HomeBussinessCentral Bank governor Gabriel Makhlouf warns new Finance Minister Jack Chambers against...

Central Bank governor Gabriel Makhlouf warns new Finance Minister Jack Chambers against Budget giveaways


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Gabriel Makhlouf also said ­taxes must rise to meet the growing demands on the State.

In his annual pre-Budget letter, Mr Makhlouf warned the minister that a spending rule introduced by the Government in 2021 has been consistently ignored and looks set to be breached all the way up to 2026.

The rule is supposed to cap increased spending by the Government at 5pc a year, in line with estimates of the growth potential of the economy, unless the increases are matched by new tax or other revenues for the State.

While unforeseen factors, including the cost-of-living crisis at the end of Covid and the fallout from the Russian invasion of Ukraine, have been blamed for the overruns, the governor said such justifications for “temporary expenditure items being excluded is increasingly difficult to maintain”.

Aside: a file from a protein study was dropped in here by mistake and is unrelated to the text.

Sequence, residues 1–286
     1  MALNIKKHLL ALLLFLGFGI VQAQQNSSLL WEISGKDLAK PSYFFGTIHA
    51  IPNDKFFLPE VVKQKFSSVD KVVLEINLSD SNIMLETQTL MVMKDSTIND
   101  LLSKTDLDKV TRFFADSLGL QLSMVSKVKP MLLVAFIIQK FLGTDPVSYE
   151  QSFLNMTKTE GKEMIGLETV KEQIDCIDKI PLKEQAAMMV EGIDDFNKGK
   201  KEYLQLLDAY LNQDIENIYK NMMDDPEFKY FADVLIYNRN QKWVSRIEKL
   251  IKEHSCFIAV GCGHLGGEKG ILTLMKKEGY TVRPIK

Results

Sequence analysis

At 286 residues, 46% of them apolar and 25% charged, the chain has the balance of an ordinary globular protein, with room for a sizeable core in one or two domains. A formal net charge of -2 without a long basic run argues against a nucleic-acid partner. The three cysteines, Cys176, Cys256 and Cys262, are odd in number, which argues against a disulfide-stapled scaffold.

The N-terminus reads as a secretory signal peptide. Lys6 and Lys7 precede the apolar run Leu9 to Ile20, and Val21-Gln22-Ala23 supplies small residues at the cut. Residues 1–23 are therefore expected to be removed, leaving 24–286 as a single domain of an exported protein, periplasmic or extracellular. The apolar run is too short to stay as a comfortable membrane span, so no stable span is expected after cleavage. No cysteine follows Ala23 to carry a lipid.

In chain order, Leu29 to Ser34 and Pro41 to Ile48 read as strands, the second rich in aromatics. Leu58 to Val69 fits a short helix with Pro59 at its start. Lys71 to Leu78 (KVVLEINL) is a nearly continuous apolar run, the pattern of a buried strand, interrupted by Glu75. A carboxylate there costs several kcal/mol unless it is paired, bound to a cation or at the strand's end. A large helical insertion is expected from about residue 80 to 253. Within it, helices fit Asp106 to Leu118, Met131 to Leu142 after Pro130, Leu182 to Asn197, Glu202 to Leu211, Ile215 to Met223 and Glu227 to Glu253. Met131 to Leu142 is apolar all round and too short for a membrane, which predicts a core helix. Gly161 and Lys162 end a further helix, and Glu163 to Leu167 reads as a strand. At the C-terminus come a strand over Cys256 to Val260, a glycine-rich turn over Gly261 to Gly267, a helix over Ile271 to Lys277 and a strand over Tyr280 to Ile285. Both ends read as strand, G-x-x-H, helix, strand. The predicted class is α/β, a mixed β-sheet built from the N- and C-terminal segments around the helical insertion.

While the State is currently seeing a bumper tax take thanks to a windfall linked to corporate profits of multinationals Mr Makhlouf warned the minister that taxation will have to rise to meet permanent spending commitments.

“Given increasing demands on, and relative priorities for, the public finances, measures to broaden the tax base (such as recommended by the Commission on Taxation) and increase government revenue as a share of national income are increasingly unavoidable,” the letter said.

With the State flush with cash, for now, and government parties on an election footing, the warning is unlikely to be heeded, but Mr Makhlouf said such moves could ease inflationary pressure, as well as make the public finances more resilient.

“In the short run, this could help to guard against inflationary pressures while public capital spending is increased,” he said.

“Longer-term, with material uncertainty over the sustainability of current revenue from corporation tax and concentration risks in other revenue sources, new revenue-raising measures would help to create a more sustainable tax revenue base and more resilient public finances, with which future fiscal challenges can be addressed.”

The letter from Mr Makhlouf also backs government plans to create funds to manage some of the windfall tax take and is supportive of capital investment, including in housing and physical infrastructure.

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